I suppose I could mention my progress in mobility now since my right knee replacement a little over three months ago. I am largely pain-free, except for an occasional twinge when my leg gets in an unusual position--but it's only momentary. My right leg is getting stronger, although the left is still a bit more more adept at stair-climbing. I have to remember to climb stairs more with my weaker leg to help make it stronger. Walking is not much different from before the surgery, except I feel a slight mechanical motion in the new knee joint. It's not painful--just a bit peculiar. I don't know if that will go away or not.
I had earlier made a proclamation that I was going to have both knees replaced within a few months of each other. Well, that proclamation is out the window. I have friends who have had both knees replaced at the same time, and they have my deepest respect. I, on the other hand, have proven to be a coward, I guess. This operation was quite enough for one year, and I've developed a new perspective on the condition of my left knee, which seems to have improved markedly since the violent abduction of its partner on the right side. I admit I don't do pain well; I think men would be ill-suited to have babies.
I can report an incident that gave me quite a surprise regarding the resilience of the new knee. Although I try to be very careful, I had a fall of a about two feet to the concrete driveway because I was bent over doing something I probably shouldn't have been doing, and the handle I was using for stability gave way. The impact was directly on the new knee and at my right hip joint, which had also been replaced years ago. As I was falling, knowing where the impact would be, I already had visions of more surgery to repair the damage. The fall was painful, of course, but to my amazement, there seemed to be no damage to the prosthesis. The tissues at my knee and hip were sore for a couple of days, but the absence of any problem with the implant was most surprising and reassuring. I don't know whether it was a testament to the surgeon or the device, but I was relieved and impressed. I have vowed to be even more careful in the future.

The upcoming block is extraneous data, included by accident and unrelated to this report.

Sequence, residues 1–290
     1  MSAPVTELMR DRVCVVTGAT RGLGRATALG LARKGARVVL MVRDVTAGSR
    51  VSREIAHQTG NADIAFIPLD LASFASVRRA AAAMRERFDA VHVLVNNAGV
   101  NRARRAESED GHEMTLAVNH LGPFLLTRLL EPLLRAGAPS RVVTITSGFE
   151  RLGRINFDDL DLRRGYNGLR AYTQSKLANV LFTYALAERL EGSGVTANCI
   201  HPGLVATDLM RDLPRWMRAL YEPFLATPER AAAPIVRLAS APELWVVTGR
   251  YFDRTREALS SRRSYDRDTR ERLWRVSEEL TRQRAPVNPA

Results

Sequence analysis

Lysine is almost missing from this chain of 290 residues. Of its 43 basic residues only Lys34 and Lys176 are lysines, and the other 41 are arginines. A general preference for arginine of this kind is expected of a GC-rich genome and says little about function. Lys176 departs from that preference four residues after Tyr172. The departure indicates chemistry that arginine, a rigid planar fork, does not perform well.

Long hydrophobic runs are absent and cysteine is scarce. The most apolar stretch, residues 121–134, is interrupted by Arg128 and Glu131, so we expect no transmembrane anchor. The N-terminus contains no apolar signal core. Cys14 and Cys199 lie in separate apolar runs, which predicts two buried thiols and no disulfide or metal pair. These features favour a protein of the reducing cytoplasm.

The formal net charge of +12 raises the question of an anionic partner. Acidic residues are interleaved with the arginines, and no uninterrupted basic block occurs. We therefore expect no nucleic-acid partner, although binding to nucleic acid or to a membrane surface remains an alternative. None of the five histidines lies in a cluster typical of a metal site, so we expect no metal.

We have plans for about a month's travel beginning March 11. We will be traveling to Conroe to visit with relatives we don't see all that often, then to Austin for a few days, followed by a trip to Mission, Texas for a reunion with old friends whom we used to see when we frequented the Valley in the winter. These will be fun visits, for sure. Then we will make our way up the Texas coast for April's First Monday in Canton, Texas. If you don't know what that spectacle is, you should look it up, or search on "First Monday" in the search box on this blog.
So far, our first winter here in Hondo has been mild. The days are generally beautiful in the 60s and 70s, and I think we've had only two or three nights below freezing, but then we are only about a hundred miles from Mexico.
I try to remember to include a favorite photo from the hundreds we've taken on our travels. But this time, I think I'll include a couple from my flying years. I've been thinking a lot lately about those years and that they are well behind me now. I'm so grateful that I had a career that I enjoyed immensely and that was so rewarding in many ways. Both of these photos appeared earlier in the blog, but they may not have been seen by most readers due to the long 17 years covered so far in its posts. The first photo was taken in 1969, when I was flying a Beech 18 at age 23:
The next was taken 25 years later, when I retired from flying with 15,000 hours and joined the FAA. My last flight was as captain in a Boeing 727 from Las Vegas to Dallas. Happily, I made the best landing of my life on that trip.